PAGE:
Usually, a high severity means a high priority but this is not always the case.

2. Medium

The defects which are not impacting business and customer fall into the medium category. They are not as urgent as the high priority defects and can wait to be fixed. They can be fixed when the developer has the bandwidth to take them up. Such bugs can be fixed either in the same release or the next.

3. Low

The defects which have the least priority for getting fixed, they are fixed after all the high and medium priority defects are fixed. The fix for low priority defects is usually provided along with some high or medium priority defects’ fixes.

Difference between Priority and Severity

To understand more clearly, let us understand the differences between priority and severity-

 SL.NOSeverityPriority
1.Defined by the impact on the application’s functionality.Defined by the impact on business.
2. Category decided by testers.Category decided by developers or product owners.
3.Deals with the technical aspects of the application.Deals with the timeframe or order to fix the defects.
4.The value does not change with time, it’s fixed.Value of priority is subjective and may change after comparison with other defects.

 Examples with Priority and Severity combination

To understand the priority and severity better with combinations let’s take the example of a banking application.

1. High Severity and High Priority

The banking application has a login page where the user is authenticated. Steps involved are-

  1. The user enters the username and password and clicks on the ‘Login’ button. 
  2. The user is navigated to the home page of the user profile.

Now, for example, the ‘Login’ button on the login form is not-clickable. After filling in the login details, the user is not able to click the ‘Login’ button and hence the user is not able to log in. 

This example falls into the category of – High Severity and High Priority. From an application perspective, the whole application is blocked and none of the functions can be accessed by the user, so this is High Severity.

From a business perspective, if any application is not letting users login then what is the use of such an application? Users will avoid such applications and business will be impacted. Such a defect is the High priority defect and needs to be fixed as soon as possible.

2. Low Severity vs. High Priority

On the user home page after login, banking application shows all the options of – Deposits, Transfer, Account Summary etc. In our example, the spelling of ‘Transfer’ is misspelt as ‘Transfer’. This error has no effect on the functionality of the application because the user is able to click and perform a transfer successfully.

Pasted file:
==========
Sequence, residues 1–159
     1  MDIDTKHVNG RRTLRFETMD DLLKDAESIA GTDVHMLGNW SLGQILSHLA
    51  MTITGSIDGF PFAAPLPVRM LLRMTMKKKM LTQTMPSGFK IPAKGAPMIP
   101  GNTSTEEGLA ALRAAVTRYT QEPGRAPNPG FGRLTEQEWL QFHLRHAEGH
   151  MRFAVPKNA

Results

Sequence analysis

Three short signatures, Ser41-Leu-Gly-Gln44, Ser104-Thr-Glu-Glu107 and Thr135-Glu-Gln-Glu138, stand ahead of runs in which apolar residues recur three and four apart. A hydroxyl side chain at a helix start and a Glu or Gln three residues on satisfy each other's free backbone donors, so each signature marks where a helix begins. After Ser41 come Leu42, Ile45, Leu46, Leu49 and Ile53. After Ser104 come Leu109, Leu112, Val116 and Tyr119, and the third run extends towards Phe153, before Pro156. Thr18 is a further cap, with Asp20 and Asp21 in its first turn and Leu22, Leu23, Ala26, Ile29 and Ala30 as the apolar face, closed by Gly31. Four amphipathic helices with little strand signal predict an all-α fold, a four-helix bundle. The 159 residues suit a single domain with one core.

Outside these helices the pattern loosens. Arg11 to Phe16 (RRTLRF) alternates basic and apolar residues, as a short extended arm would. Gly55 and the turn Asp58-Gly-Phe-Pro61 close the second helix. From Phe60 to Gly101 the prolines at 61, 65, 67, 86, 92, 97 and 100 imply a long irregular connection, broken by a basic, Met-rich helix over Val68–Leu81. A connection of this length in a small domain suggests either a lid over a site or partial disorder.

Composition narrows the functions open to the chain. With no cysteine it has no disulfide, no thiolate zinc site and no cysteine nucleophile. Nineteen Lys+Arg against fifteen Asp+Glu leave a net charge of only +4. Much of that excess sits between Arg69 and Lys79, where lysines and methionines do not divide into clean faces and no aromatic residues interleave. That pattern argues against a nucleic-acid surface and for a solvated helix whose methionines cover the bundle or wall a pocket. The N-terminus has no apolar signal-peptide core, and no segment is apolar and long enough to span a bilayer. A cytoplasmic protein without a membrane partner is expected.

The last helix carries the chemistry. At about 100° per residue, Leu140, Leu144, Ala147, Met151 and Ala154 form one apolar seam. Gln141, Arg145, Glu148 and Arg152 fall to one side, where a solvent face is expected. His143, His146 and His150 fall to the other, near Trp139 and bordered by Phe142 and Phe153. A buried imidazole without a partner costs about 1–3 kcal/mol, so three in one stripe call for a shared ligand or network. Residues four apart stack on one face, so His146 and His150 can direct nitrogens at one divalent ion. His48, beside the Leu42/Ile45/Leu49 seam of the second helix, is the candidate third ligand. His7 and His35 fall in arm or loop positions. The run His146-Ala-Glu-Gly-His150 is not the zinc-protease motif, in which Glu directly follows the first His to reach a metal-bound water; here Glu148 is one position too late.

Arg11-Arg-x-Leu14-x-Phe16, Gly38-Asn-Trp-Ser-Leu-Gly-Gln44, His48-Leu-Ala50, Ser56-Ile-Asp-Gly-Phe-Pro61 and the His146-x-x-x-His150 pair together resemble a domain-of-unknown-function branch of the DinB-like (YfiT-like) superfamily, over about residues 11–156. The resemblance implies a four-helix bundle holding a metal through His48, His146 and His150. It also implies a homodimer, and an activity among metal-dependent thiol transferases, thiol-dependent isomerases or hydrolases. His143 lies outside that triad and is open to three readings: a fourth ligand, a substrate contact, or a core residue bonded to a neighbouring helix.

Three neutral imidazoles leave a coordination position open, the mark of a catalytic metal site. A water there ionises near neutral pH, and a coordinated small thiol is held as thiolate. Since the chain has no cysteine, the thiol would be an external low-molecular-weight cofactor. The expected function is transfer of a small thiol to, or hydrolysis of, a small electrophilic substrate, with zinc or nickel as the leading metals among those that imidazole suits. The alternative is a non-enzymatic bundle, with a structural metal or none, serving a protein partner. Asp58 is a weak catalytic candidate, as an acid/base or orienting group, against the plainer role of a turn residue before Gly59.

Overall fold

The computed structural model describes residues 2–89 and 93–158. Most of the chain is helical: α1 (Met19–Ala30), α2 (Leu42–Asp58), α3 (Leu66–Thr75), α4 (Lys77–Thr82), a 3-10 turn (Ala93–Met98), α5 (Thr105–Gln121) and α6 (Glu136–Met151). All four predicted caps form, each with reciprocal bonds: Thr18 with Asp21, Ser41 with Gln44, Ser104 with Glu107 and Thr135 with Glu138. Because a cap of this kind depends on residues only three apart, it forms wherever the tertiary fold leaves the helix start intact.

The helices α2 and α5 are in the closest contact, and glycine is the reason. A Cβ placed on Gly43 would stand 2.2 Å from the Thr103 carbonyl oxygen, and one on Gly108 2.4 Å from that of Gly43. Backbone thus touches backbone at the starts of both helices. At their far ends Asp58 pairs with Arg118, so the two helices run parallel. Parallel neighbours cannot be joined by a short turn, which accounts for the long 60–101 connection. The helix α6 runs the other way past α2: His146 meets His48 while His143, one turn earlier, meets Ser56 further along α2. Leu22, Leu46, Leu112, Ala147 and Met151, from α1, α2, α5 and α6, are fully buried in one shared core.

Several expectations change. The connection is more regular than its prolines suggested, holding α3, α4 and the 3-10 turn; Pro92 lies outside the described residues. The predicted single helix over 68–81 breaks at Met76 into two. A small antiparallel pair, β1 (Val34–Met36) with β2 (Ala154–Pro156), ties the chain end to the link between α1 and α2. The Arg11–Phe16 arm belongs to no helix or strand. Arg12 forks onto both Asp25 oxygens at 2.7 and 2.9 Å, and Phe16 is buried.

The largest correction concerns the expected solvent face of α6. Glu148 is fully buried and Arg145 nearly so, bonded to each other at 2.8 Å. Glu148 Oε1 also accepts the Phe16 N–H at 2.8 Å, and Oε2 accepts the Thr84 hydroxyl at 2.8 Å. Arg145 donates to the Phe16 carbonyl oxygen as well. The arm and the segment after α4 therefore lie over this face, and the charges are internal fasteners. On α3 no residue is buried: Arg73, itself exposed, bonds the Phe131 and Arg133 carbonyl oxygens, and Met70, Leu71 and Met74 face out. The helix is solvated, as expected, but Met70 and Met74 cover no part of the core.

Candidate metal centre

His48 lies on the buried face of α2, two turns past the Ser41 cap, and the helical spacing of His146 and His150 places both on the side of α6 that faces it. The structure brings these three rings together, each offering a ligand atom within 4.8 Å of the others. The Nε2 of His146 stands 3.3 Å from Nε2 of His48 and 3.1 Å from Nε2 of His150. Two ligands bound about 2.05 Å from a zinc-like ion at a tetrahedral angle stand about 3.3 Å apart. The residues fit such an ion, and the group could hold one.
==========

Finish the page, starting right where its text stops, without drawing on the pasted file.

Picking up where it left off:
However, this is a drawback from the bank’s reputation perspective. Therefore, the severity is Low because functionality-wise there is no issue but the priority is High since it is related to business and needs to be fixed as soon as possible.

3. High Severity vs. Low Priority

For example, there are few actual users who are still using the older IE versions like IE8. The banking application when accessed in older versions of IE, the page is not loaded completely and the form fields are overlapped. This makes the accessibility of the website difficult for IE users using the older versions.

Hence, the severity is high because the whole application is impacted. However, there will be very few actual users who will use IE 8 and other older versions, this makes the priority Low because this fix can wait.

4. Low Severity vs. Low Priority

The ‘Help’ section of the banking website has a subsection, whose theme does not match with the whole website. This defect is not hampering the website functionality, also not many users will access this particular section. Hence, this defect falls under the category of Low Severity and Low Priority.

Check here to see how to add priority to your test cases in Testsigma.

Conclusion

Defects and software development move in tandem, as the application grows so does the defect list. For a defect, Priority and Severity are its face value, according to these two values, the fix gets scheduled.

Therefore, it becomes really important that the testers, developers and the whole team understand the proper definition and usage of both these terms. In case of the wrong assignment of priority and severity values to the defect, the whole process of defect fixing will lose its effectiveness.

Which in turn may cause considerable damage to business and may result in financial loss. So, a thorough understanding of the priority and severity is really important for the team to thrive and make better decisions.